England head coach Eddie Jones turned his sights to the “greatest Welsh side ever” after a resounding mauling of France gave his men two wins from two Guinness Six Nations games.
England backed up their victory in Ireland with a 44-8 defeat of Les Bleus at Twickenham, falling one point short of the record margin of victory of 37 points, set in 1911.
Jonny May scored a first-half hat-trick and there were tries for Henry Slade, Owen Farrell and a penalty try as England kept hapless France scoreless in the second half. Farrell kicked an additional 14 points.
Next for Jones’ men is a trip to Cardiff on February 23, with Jones apparently having forgotten the great Wales sides of the 1970s and the Grand Slam winners of 2005, 2008 and 2012 in his assessment of Warren Gatland’s men.
“There’s a lot more in this team and we understand that and we’re committed to being the very best we can be,” Jones said.
“When we get back together on Wednesday we’ll start the process of how we can get better again.
“We’re playing the greatest Welsh side ever; we’re going to have to be at our absolute best.
“You know you’re playing against a Warren Gatland side. He’s been at the top of the tree in European rugby for the last 15 years, through his club and country and the Lions.
“You’re playing against a tough, physical team. They contest hard at the breakdown. You’ve got to earn every point against them.
“We’re looking forward to going down there. Should be fun.”
England led 30-8 at the interval, with four tries earning a bonus-point victory, but Jones insisted the second-half performance was even better.
“I think when you put yourself in a position where after 30 minutes you’ve got a bonus point against a top team you’ve done pretty well,” he added.
“And the second half I thought our performance was even better. Even though we didn’t score as many points, our focus and our discipline to keep France scoreless was outstanding.
“But we just had a quick chat in the room there and we felt we probably left 15 to 20 points on the field.”
Jones reserved particular praise for May, who took his Test tally to 22 tries in 42 appearances, with two of his scores coming as reward for chasing kicks.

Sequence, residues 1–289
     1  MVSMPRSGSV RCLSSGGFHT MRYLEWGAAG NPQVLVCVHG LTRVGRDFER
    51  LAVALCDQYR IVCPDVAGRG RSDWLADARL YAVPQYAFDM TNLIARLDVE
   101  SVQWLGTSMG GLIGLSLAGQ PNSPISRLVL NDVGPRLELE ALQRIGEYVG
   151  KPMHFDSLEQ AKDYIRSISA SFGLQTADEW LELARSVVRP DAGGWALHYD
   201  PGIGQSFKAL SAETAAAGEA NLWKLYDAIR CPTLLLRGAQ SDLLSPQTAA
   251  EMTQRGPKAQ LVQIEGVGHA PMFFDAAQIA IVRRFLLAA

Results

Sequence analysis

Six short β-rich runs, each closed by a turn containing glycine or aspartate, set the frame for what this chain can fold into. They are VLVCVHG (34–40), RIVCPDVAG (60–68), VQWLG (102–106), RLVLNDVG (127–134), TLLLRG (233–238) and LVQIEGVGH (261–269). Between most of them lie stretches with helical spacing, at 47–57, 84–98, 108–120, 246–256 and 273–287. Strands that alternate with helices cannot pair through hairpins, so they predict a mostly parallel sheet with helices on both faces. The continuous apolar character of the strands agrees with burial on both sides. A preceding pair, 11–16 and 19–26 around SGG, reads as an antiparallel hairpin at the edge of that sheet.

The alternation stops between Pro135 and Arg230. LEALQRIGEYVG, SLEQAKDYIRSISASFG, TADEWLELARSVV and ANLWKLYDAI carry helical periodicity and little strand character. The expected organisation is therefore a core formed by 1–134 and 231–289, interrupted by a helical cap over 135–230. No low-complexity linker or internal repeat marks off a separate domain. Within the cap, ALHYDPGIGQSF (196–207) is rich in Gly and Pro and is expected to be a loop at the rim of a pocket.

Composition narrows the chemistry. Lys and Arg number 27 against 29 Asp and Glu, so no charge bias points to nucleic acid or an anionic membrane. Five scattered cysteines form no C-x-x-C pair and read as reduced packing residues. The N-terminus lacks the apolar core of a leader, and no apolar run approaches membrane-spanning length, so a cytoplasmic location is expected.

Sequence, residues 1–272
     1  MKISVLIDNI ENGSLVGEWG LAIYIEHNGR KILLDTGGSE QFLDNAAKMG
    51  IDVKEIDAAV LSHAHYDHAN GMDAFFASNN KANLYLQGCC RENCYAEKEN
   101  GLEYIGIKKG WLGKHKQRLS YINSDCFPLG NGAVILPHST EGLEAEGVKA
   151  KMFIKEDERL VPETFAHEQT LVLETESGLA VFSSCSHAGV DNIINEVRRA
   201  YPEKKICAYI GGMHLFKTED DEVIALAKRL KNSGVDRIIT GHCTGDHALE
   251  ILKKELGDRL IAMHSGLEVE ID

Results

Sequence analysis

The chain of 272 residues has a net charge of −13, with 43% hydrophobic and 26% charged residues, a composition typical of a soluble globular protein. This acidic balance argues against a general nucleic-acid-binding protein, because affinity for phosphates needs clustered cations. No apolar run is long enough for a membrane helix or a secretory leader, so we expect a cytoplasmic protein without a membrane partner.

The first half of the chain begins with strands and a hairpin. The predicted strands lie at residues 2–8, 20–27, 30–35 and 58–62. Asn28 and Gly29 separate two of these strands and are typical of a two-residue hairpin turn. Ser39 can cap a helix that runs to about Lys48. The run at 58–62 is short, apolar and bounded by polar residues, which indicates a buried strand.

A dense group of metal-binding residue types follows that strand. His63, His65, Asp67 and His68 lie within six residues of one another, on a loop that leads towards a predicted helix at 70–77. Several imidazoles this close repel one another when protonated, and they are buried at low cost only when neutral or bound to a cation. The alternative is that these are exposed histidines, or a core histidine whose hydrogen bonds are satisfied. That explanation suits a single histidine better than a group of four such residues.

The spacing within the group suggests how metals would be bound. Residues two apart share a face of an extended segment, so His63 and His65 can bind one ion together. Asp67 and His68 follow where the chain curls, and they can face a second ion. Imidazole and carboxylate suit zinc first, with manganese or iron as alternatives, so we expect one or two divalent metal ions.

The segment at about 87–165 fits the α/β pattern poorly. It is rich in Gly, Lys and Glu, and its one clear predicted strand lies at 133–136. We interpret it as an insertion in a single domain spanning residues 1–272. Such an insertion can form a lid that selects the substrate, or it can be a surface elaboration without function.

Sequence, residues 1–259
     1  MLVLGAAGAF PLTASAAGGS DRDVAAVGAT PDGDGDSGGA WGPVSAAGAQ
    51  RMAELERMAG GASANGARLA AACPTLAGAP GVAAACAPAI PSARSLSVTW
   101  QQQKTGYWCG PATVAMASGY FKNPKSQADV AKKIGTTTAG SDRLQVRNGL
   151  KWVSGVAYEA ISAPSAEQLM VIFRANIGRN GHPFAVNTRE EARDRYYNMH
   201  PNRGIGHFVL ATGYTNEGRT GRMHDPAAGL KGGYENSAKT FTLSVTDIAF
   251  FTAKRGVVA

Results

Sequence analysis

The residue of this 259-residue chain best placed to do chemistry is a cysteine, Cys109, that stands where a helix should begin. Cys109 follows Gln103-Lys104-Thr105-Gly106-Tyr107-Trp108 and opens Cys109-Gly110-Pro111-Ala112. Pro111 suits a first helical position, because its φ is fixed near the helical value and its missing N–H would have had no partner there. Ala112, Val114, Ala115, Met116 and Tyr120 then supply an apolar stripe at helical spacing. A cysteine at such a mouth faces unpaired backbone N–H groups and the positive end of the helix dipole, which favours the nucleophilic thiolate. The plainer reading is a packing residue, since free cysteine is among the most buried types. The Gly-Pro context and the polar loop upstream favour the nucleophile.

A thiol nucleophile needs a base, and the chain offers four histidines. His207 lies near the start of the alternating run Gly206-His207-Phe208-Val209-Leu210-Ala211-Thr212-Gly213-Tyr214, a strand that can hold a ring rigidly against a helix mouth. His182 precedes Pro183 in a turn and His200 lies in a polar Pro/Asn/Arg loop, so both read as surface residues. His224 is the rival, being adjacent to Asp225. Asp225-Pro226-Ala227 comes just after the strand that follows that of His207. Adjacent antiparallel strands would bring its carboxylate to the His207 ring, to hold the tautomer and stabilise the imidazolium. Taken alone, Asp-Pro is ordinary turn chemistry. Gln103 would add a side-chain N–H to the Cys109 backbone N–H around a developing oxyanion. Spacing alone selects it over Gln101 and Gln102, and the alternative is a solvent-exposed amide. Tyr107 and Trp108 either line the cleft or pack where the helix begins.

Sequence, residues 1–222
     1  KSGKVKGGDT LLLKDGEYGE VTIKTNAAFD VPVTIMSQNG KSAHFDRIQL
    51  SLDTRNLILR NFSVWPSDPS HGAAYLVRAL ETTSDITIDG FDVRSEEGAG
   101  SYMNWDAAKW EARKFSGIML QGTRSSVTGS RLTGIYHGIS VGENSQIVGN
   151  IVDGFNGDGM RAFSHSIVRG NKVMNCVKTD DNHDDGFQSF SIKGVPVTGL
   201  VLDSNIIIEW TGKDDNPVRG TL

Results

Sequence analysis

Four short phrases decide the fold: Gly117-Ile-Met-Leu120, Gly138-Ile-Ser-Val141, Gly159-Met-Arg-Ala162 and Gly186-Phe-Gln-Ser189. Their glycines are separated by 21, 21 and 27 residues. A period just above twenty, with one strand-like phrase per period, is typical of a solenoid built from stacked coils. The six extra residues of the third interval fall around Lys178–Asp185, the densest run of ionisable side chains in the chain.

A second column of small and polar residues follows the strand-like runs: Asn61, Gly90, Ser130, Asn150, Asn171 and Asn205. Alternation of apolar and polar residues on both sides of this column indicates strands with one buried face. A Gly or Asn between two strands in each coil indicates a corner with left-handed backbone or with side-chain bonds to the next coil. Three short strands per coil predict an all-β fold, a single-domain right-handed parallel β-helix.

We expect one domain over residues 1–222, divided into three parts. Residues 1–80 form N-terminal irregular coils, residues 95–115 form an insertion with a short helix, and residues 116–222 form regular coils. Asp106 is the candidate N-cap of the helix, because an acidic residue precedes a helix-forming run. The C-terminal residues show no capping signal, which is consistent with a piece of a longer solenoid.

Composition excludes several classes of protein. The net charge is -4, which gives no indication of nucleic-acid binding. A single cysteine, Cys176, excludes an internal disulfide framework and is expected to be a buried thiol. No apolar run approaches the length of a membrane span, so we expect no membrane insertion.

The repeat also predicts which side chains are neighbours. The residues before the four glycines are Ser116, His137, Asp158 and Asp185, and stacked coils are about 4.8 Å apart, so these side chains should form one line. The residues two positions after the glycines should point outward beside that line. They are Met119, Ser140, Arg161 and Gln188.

Jones added: “Jonny May’s like when you go to the park and you see someone with a tennis ball and they throw it, the dog runs 100mph and chases it and brings it back. He does that pretty well.”
England have enjoyed success through their tactical kicking game in Dublin and now against Les Bleus, but Jones hinted at varied tactics to come at the Principality Stadium.
“There’s always space, because you’ve only got 15 players,” Jones added.
“At the moment we’re having a great deal of success with our kicking, but that could create opportunities in the next game somewhere else.”
Prop Mako Vunipola was replaced and required the application of ice to his left ankle, but Jones was uncertain of the severity of the injury.
France replied through a Morgan Parra penalty and Damian Penaud try in an error-strewn performance which does not bode well in World Cup year. The teams meet again in Yokohama in October.
France head coach Jacques Brunel said: “Obviously I’m very, very disappointed. I’m most of all disappointed with what happened in the first half.
“We were really under pressure from the English side, especially from their kicking game and we were not able to overcome that.”
France captain Guilhem Guirado added: “It’s very painful when they score try after try.
“The pressure was constant and we never managed to get out of that.”
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